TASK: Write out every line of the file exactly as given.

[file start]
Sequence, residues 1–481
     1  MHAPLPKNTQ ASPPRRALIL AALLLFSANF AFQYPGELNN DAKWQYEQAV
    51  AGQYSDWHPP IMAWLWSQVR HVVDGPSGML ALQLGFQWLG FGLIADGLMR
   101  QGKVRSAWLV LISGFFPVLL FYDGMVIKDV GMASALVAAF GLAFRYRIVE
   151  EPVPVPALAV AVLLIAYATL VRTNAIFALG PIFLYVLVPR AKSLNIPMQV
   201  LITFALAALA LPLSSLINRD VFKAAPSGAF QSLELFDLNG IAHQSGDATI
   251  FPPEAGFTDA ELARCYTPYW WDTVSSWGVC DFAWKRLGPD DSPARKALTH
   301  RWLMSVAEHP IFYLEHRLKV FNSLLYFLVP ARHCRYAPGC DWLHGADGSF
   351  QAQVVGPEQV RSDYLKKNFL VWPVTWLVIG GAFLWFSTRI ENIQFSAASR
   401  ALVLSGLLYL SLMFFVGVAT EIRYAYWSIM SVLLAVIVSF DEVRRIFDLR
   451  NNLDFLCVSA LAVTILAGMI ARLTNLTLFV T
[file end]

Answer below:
Sequence, residues 1–481
     1  MHAPLPKNTQ ASPPRRALIL AALLLFSANF AFQYPGELNN DAKWQYEQAV
    51  AGQYSDWHPP IMAWLWSQVR HVVDGPSGML ALQLGFQWLG FGLIADGLMR
   101  QGKVRSAWLV LISGFFPVLL FYDGMVIKDV GMASALVAAF GLAFRYRIVE
   151  EPVPVPALAV AVLLIAYATL VRTNAIFALG PIFLYVLVPR AKSLNIPMQV
   201  LITFALAALA LPLSSLINRD VFKAAPSGAF QSLELFDLNG IAHQSGDATI
   251  FPPEAGFTDA ELARCYTPYW WDTVSSWGVC DFAWKRLGPD DSPARKALTH
   301  RWLMSVAEHP IFYLEHRLKV FNSLLYFLVP ARHCRYAPGC DWLHGADGSF
   351  QAQVVGPEQV RSDYLKKNFL VWPVTWLVIG GAFLWFSTRI ENIQFSAASR
   401  ALVLSGLLYL SLMFFVGVAT EIRYAYWSIM SVLLAVIVSF DEVRRIFDLR
   451  NNLDFLCVSA LAVTILAGMI ARLTNLTLFV T